Built by P. Williamson to mill his own pine plantation on the Main Road, Whangamata in 1946. The plant consisted of a Corley Pacific single saw breaking down bench and breast bench powered by a diesel motor. It was taken over by R. Dittmer & Son September 1948. R. Dittmer senior was killed on the job by a falling tree, and the business then transferred to R. & T.C. Dittmer in April 1950. They sold to A.R. Shewry Timber Co Ltd in December 1950. They operated until 1958 when it reverted back to the original owners P & M Williamson.
Baker Bros (R.E. & D.J.) of Katikati bought the mill in 1967, and it closed in 1968 when the plantation was cut out. The Bakers operated a retail timber-yard on the site, later supplying it from their Katikati sawmill.
The Waihi Gold Mining Co Ltd operated a sawmill in Kenny Street, Waihi Borough for many years, cutting timber for their mines and buildings. A tramline led to the mill from the bush east of Waihi, and also connected to the rail system at Waikino. Mr Chas. Hughes helped dismantle the mill in 1936. Jack Henry was the mill manager. It had a steam-powered twin saw breaking down and breast bench.
The Waihi Junction Goldmining Co Ltd shifted the Kauri Freehold Gold Estates' 40 stamp battery from Opitonui to Waihi in 1904. They operated a sawmill cutting timber for their own mine requirements in Roycroft Street East End. When they amalgamated with Waihi Gold Mining Co in 1926, the mill was either leased or sold to Birch, Smith and Beilby who advertised timber for sale in the Waihi Telegraph in November 1927. It was an electric-powered twin circular breaking down and breast bench. Mr Ken Sutton, Barry Road, Waihi whose father hired the mill to cut timber thinks it closed about 1930. The concrete foundations are said to be still there in 1990.
Details of Mining Company Sawmills and others about are sketchy but can be seen advertising in the Waihi newspaper. The Waihi Goldmining Co. had a sawmill at their Victoria Battery, Waikino. It was powered by a 16 hp Marshall and Son No 16804 portable steam engine This is now at the Paeroa Maritime Park awaiting restoration.
1922 - 1927
For details see Ohinemuri Regional History Journal No 20, June 1976, p13, Pioneering at 'The Wires' by Arthur Sutton.
Buchanans shifted their Woodlands Rd Sawmill to Waihi in early 1943. After operating for only about six months, the steam-driven plant employing twelve men cutting native and pines was burnt down on August 17th, 1943. There was no insurance. George Buchanan later managed Christensen's Mataora Timber Co sawmill.
Source: Waihi Telegraph, August 18th, 1943.
In 1924, Otto Bjerring erected a small water-powered sawmill on his Mataura farm cutting native timber from his own bush. Christennsen worked in it. It only lasted a few years. Later C. Christensen and Ralph Hughes built a mill at Whiritoa operating 1947 and 1950 when Christensen formed the Mataora Timber Co Ltd and shifted to Consols street, Waihi. It was sold to Smith & Smith Ltd Feb 1st, 1974 and destroyed by fire March 22nd, 1974. It was then rebuilt with bandsaws, later closed and removed.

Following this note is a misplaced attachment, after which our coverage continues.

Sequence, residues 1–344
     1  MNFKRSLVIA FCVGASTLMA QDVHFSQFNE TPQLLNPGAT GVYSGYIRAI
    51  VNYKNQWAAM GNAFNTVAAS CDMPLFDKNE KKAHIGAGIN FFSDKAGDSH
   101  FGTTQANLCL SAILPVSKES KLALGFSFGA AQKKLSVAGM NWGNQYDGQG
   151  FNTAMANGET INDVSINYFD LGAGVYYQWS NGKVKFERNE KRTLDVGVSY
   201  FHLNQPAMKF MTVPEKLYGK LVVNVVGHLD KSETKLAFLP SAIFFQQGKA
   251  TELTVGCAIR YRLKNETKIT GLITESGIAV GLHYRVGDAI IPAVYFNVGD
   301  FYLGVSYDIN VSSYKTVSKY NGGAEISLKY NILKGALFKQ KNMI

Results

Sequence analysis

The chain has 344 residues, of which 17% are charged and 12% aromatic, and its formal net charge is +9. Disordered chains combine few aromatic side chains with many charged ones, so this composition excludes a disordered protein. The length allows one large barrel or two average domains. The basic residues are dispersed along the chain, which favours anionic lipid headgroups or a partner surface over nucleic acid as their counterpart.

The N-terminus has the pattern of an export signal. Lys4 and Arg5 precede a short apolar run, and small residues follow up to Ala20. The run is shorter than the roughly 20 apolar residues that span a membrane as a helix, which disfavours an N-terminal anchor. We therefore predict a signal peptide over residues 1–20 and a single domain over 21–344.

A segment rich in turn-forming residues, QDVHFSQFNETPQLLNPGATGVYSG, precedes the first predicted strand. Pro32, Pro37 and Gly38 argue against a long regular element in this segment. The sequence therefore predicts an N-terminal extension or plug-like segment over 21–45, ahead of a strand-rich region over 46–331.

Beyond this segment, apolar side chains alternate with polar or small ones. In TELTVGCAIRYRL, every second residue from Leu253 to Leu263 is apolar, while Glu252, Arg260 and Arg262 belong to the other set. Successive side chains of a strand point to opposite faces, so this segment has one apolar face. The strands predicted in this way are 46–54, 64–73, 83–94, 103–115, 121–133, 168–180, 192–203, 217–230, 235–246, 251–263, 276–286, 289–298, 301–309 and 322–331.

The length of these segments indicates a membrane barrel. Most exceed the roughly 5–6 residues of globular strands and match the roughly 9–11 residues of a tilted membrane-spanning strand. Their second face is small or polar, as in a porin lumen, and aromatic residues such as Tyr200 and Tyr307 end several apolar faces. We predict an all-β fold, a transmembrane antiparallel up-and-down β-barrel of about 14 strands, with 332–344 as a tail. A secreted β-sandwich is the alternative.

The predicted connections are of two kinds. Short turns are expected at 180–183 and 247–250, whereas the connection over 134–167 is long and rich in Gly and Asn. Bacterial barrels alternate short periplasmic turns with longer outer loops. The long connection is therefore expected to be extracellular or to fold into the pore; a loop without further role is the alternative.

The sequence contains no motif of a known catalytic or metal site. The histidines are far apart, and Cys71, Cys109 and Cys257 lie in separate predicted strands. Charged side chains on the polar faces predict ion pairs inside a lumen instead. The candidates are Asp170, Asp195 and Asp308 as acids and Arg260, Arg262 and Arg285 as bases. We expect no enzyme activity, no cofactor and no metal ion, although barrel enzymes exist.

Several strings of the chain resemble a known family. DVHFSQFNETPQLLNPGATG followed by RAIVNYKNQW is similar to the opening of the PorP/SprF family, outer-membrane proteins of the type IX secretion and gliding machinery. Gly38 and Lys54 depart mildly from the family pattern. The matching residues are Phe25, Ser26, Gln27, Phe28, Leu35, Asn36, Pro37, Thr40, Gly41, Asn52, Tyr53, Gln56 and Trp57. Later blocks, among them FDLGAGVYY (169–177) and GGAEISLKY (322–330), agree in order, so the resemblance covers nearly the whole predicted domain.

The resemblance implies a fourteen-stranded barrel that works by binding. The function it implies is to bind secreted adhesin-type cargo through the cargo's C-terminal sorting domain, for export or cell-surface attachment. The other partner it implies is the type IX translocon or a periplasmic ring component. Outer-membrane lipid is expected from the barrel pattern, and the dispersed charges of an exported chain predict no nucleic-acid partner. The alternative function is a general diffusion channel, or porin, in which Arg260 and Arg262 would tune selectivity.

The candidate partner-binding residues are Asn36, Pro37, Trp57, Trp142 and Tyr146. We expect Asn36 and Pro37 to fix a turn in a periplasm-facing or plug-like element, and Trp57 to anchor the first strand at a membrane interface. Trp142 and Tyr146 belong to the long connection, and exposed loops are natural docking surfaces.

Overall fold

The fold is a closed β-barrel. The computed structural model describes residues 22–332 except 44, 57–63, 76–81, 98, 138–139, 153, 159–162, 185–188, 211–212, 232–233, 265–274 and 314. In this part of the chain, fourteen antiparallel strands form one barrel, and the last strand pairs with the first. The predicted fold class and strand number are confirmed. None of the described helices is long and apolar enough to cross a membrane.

Milling near the Waitete stream 1893 - 1897. It was reported in the Ohinemuri Gazette November 3, 1897 that the Waitete Creek mill had cut out and he was installing a larger outfit from Ngaruawhia at Waimata, two miles from Waihi.
James Harvey Evans in 1925 built the mill which was driven by a 16 hp Marshall portable steam engine No 16804 powering a twin circular breaking down and breast bench, cutting both native and exotic timbers.
Fire destroyed the mill February 2nd, 1938 and was rebuilt only to be burnt down again January 20th, 1950. Once again it was rebuilt on the same site. Harvey Evans died July 1956, and the business was carried on by his Estate, selling out to Paeroa Sawmills (Ivan Gerrard) in 1964. Paeroa Sawmills continued cutting until 1976 when the mill was demolished. The old Marshall steam engine is at the Paeroa Maritime Museum. The site is now a housing subdivision.
Sources:Ohinemuri Gazette February 2nd, 1938, Jan 20th, 1950, Ivan Gerrard.
Built originally on Morrison's Farm at Komata Reefs and shifted to Station Road, Paeroa in 1922. The plant consisted of a 7 foot vertical breaking down bench, breast bench and a 12 inch x 4 1/2 inch Fay & Co planar driven by an 8 hp Luke boiler, coupled with a Tangye engine. In March 1924, the company of R. Phillips & Co Ltd formed to take over the business but was in liquidation August 19th 1924 and wound up. After unsuccessfully selling the plant by tender by the liquidator, it was sold by auction September 1924.
Source:Hauraki Plains Gazette Jan 21st, 1921; Feb 8, March 22, Aug 22, Aug 23, 1922; March 31, 1924, September 1924.
Erected in Taylors Avenue in 1946 by Charles Gleadow (a builder) in order to get timber supplies during a post-war shortage. Following the death of Mr Gleadow early in 1954, the mill was run by his Estate until February 14th, 1955 when it was put up for sale. In March 1955 Messrs N.J. Neil & F.M. Patterson trading as Paeroa Sawmillers leased the mill cutting up to 1957. It reopened again in 1960, cutting on contract for Christensen, Waihi and closed the same year and was demolished. The site now is a Benchmark timber and hardware yard.